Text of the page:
SDN Watch: Midokura Enters U.S. Market

Midokura, a Japanese software-defined networking (SDN) startup riding a wave of good notices, has confirmed its entry into the U.S. market and on Monday announced both the official release of its MidoNet platform and that it has integrated with OpenStack.

It's a hot time in the SDN market. With the expanded role of software in network infrastructure seen as a "when," not an "if," major technology companies such as Cisco and Hewlet-Packard are sharpening their SDN strategies while a slew of startups, from Big Switch Networks to Embrane, Plexxi and many others, emerge from stealth mode and attack the SDN and network virtualization questions from different angles.

Several startups already have been acquired by bigger fish, such as VMware's $1.2 billion pickup of Nicira over the summer, and many more are said to be in play. Research firm IDC puts the loosely defined SDN market at about $2 billion by 2016, up from roughly $200 million in 2013.

[Related: 10 Next-Gen Networking Startups Ripe For The Plucking ]

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Into the fray comes Midokura, and core to its strategy is MidoNet: a distributed, decentralized virtual platform that uncouples a customer's cloud assets from its network hardware infrastructure, creating a software abstraction layer programmed to act as a go-between between end hosts and the physical network. Another way to look at it is virtualizing the network stack, in that network operators can use MidoNet to leverage multivendor, physical network appliances in the software-based domain, and doing so specifically for IaaS systems such as OpenStack.

According to Ben Cherian, Midokura's chief strategy officer, Midokura is trying to solve three current problems with cloud-based networking: Existing networks are difficult to provision and scale, many current cloud networking models are insecure, and those cloud networking models also aren't resilient enough. Midokura sees itself living at the intersection of cloud computing, SDN and the move by vendors to use merchant silicon, as opposed to proprietary ASICs, to create good-enough switching at bargain prices, with the expectation that the network intelligence will be in the software, as opposed to the hardware.

"This is a different way of handling the network specifically for IaaS environments," Cherian told CRN. "It takes the network intelligence and puts it closest to where the decisions are being asked to be made. Our system treats [network assets] as if they were basically line cards in a mobile grid router."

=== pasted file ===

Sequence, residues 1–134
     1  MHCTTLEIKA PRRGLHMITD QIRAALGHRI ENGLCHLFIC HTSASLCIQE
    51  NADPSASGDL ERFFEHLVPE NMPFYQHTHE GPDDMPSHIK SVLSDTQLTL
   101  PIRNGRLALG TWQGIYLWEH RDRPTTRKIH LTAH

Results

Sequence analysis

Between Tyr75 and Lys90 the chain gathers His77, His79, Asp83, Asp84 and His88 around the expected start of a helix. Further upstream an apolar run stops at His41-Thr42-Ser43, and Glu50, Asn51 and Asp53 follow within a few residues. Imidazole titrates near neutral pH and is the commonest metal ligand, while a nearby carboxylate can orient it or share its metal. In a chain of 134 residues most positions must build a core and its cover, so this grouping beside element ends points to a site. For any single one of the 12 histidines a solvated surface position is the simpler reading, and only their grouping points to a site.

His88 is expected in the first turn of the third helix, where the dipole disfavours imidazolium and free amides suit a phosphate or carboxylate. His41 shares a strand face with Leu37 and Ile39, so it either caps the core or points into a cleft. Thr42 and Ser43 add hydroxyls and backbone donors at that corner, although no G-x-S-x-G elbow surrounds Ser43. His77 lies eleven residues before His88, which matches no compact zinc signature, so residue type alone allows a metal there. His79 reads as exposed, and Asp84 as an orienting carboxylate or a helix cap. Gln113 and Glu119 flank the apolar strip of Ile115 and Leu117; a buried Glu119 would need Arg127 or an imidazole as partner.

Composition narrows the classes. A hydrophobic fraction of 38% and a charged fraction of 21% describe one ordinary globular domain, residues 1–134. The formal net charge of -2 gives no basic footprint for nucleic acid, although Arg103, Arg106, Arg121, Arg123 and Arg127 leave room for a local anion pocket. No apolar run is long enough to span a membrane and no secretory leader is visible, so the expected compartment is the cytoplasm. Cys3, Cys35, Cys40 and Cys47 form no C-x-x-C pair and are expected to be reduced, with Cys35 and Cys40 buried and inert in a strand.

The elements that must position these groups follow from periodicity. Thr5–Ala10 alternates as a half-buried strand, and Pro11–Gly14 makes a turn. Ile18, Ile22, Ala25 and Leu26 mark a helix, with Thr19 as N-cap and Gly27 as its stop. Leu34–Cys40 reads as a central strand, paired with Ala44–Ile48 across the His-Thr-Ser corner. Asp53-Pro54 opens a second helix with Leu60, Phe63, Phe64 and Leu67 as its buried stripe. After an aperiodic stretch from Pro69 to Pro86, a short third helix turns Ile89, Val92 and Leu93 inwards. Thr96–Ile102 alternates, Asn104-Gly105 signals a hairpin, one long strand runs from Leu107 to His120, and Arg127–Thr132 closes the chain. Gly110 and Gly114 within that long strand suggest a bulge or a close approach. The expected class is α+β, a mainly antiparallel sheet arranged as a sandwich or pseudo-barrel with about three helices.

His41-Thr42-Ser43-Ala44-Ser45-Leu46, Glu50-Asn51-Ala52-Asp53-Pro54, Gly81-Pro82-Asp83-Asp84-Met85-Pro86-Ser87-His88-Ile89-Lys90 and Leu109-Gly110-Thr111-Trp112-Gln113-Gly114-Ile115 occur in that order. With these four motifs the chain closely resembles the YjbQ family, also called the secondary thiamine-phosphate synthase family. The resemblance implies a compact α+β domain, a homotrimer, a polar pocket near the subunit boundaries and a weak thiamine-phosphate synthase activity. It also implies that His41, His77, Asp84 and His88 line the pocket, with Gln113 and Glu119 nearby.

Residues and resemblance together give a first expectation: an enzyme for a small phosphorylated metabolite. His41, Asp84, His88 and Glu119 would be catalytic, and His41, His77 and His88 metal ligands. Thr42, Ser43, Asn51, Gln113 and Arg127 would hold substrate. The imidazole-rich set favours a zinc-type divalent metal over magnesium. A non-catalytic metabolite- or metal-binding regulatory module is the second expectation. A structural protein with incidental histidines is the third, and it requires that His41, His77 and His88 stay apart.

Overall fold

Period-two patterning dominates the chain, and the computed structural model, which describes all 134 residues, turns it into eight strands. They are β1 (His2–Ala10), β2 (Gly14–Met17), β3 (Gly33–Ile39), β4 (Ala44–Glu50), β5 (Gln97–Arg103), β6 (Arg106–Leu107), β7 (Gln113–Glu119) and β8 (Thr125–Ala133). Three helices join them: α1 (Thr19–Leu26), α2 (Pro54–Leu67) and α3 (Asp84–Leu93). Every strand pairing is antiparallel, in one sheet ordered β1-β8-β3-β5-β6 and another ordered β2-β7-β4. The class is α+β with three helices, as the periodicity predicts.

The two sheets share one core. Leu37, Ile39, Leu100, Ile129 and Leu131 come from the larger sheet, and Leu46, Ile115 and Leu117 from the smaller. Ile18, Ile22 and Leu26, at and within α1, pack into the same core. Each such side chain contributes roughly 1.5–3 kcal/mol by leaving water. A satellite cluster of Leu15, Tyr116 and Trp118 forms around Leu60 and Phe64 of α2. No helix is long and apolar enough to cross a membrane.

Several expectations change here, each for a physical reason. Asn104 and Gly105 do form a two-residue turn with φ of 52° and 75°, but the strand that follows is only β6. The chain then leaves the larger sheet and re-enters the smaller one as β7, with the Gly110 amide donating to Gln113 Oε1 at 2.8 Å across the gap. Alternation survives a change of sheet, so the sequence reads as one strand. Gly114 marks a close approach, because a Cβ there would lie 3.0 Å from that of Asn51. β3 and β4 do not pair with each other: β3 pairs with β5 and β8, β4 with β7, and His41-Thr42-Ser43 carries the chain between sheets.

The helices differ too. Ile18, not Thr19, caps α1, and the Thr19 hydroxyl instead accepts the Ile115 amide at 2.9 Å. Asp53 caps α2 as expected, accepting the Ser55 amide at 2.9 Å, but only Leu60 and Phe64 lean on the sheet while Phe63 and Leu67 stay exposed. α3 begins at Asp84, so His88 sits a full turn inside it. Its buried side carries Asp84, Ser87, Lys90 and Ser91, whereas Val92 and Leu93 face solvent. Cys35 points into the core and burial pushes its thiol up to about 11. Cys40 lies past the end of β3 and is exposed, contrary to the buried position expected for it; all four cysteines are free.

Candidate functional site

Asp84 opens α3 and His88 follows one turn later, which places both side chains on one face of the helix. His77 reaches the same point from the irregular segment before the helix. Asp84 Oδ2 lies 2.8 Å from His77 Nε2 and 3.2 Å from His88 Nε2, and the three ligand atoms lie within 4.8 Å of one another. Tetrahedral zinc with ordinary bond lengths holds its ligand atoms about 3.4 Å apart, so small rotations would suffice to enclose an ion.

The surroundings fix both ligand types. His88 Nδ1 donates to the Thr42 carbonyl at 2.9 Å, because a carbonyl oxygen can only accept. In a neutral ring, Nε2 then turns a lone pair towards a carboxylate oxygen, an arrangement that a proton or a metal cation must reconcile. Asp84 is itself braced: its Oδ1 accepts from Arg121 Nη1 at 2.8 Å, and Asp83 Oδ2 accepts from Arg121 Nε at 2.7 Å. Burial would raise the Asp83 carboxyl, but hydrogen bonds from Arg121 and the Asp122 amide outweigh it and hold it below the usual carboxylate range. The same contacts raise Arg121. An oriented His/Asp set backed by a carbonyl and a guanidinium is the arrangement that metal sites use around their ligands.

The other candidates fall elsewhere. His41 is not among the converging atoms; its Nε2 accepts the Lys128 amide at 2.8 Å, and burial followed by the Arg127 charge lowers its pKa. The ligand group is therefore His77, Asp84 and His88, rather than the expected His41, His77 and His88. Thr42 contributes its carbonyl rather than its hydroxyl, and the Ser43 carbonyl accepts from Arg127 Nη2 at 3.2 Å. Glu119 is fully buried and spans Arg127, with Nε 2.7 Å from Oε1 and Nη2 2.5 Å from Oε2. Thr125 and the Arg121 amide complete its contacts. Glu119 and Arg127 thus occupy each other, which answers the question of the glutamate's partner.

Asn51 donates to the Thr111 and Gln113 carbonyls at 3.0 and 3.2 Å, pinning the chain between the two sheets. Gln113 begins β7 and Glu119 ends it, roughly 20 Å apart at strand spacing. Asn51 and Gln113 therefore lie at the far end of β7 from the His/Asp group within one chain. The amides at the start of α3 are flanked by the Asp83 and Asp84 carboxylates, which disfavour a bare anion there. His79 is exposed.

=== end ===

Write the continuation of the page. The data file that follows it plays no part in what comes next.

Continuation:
Among MidoNet's features are virtual layer 2 distributed switching, virtual layer 2 isolation, virtual layer 3 distributing routing, virtual layer 3 isolation, layer 4 services like firewall and load balancing, NAT, access control, virtual port and device monitoring, restful API and Web-based management. It takes an overlay approach to implementation, meaning it can sit right on top of any IP-connected network, according to the company.

"All we require of the network is IP connectivity," Cherian said. "We believe everything else can and should be handled in the software."

The net benefits, according to Midokura, are that MidoNet lowers both cap-ex, in that the network intelligence is in the software so the customer can use baseline x86-based hardware instead of higher-end, proprietary network appliances, and op-ex, because management of the MidoNet platform theoretically requires fewer network engineers than what customers are used to with their current infrastructure. Both enterprises and service providers would benefit, the company said.

"I know one large telco that has 500 people doing this particular management job. That's amazing," Cherian said. "I think the question that hasn't come up a lot is, who are the network engineers in control of IaaS, and does it have to be that many?"

Founded in January 2010 by CEO Tatsuya Kato and CTO Dan Mihai, Midokura's name is a combination of parts of two Japanese words: "midori," meaning green, and "kuraudo," meaning cloud.

Originally, its engineers were at work on two projects: MidoNet and another platform called MidoStore that was going to tackle object storage. According to the company, it decided to focus 100 percent on the networking side because it presented more interesting problems to solve.

Midokura during its stealth phase raised about $5.5 million from Japanese investors and hired employees from Amazon, Fulcrum Microsystems, Google, NEC, DreamHost, NTT and other companies. It currently has 24 employees across three offices in San Francisco, Tokyo and Barcelona.

MidoNet is in limited beta at present and is expected to hit general availability within a few months. A company spokesperson said Midokura will publicly release pricing at that time.

Its OpenStack relationship includes full integration with OpenStack Essex, as well as Quantum plug-ins and Nova network drivers for use with OpenStack clouds. The company is a sponsor at this week's OpenStack Summit in San Diego.

Midokura does plan to work with U.S. and global channel partners, Cherian said, and already is recruiting a handful of select, cloud-focused systems integrators. It declined to provide any names of its prospects but plans to reveal them on its website when details are finalized.

"In the next 12 months, I'd expect to have a small handful of cloud systems integrators," Cherian said. "The big reason for this is that many SIs lack the competency to do a cloud implementation correctly. [Our] SIs will need to have strategy, application, development, infrastructure, networking, storage, virtualization, dev-ops, and cloud operations expertise all focused around cloud deployments. Right now, that's a very small list but we're hoping that this knowledge spreads out a bit more and there are more partners that appear."